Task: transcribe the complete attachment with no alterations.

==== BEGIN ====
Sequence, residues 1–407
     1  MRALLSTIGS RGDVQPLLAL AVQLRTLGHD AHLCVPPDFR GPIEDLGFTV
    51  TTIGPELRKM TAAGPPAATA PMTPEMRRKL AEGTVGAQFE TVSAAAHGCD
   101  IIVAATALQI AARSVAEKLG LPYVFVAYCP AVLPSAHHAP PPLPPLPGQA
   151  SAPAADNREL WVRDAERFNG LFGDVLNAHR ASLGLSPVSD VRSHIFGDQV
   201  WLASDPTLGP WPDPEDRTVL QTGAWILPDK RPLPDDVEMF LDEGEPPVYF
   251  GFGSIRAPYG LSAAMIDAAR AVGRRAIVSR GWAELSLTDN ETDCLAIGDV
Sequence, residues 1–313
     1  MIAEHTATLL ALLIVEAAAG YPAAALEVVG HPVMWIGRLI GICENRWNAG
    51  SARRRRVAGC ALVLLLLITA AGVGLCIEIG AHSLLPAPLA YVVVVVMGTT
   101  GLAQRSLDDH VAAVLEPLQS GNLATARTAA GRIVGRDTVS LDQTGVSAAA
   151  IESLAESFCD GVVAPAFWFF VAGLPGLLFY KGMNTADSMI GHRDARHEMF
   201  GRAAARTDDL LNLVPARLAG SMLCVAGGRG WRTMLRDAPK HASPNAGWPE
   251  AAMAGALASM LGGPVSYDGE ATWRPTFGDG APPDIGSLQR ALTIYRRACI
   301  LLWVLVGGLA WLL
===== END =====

Sequence, residues 1–407
     1  MRALLSTIGS RGDVQPLLAL AVQLRTLGHD AHLCVPPDFR GPIEDLGFTV
    51  TTIGPELRKM TAAGPPAATA PMTPEMRRKL AEGTVGAQFE TVSAAAHGCD
   101  IIVAATALQI AARSVAEKLG LPYVFVAYCP AVLPSAHHAP PPLPPLPGQA
   151  SAPAADNREL WVRDAERFNG LFGDVLNAHR ASLGLSPVSD VRSHIFGDQV
   201  WLASDPTLGP WPDPEDRTVL QTGAWILPDK RPLPDDVEMF LDEGEPPVYF
   251  GFGSIRAPYG LSAAMIDAAR AVGRRAIVSR GWAELSLTDN ETDCLAIGDV
Sequence, residues 1–313
     1  MIAEHTATLL ALLIVEAAAG YPAAALEVVG HPVMWIGRLI GICENRWNAG
    51  SARRRRVAGC ALVLLLLITA AGVGLCIEIG AHSLLPAPLA YVVVVVMGTT
   101  GLAQRSLDDH VAAVLEPLQS GNLATARTAA GRIVGRDTVS LDQTGVSAAA
   151  IESLAESFCD GVVAPAFWFF VAGLPGLLFY KGMNTADSMI GHRDARHEMF
   201  GRAAARTDDL LNLVPARLAG SMLCVAGGRG WRTMLRDAPK HASPNAGWPE
   251  AAMAGALASM LGGPVSYDGE ATWRPTFGDG APPDIGSLQR ALTIYRRACI
   301  LLWVLVGGLA WLL